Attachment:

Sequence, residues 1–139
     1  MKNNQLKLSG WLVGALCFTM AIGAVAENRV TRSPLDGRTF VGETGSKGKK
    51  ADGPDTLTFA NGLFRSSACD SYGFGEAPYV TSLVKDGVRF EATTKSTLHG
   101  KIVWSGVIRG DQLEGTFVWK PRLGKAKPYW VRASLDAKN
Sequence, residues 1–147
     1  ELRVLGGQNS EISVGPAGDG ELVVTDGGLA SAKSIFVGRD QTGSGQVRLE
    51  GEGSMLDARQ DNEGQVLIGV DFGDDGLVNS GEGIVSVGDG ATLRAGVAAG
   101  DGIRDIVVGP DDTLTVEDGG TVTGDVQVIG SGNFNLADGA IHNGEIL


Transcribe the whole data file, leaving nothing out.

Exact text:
Sequence, residues 1–139
     1  MKNNQLKLSG WLVGALCFTM AIGAVAENRV TRSPLDGRTF VGETGSKGKK
    51  ADGPDTLTFA NGLFRSSACD SYGFGEAPYV TSLVKDGVRF EATTKSTLHG
   101  KIVWSGVIRG DQLEGTFVWK PRLGKAKPYW VRASLDAKN
Sequence, residues 1–147
     1  ELRVLGGQNS EISVGPAGDG ELVVTDGGLA SAKSIFVGRD QTGSGQVRLE
    51  GEGSMLDARQ DNEGQVLIGV DFGDDGLVNS GEGIVSVGDG ATLRAGVAAG
   101  DGIRDIVVGP DDTLTVEDGG TVTGDVQVIG SGNFNLADGA IHNGEIL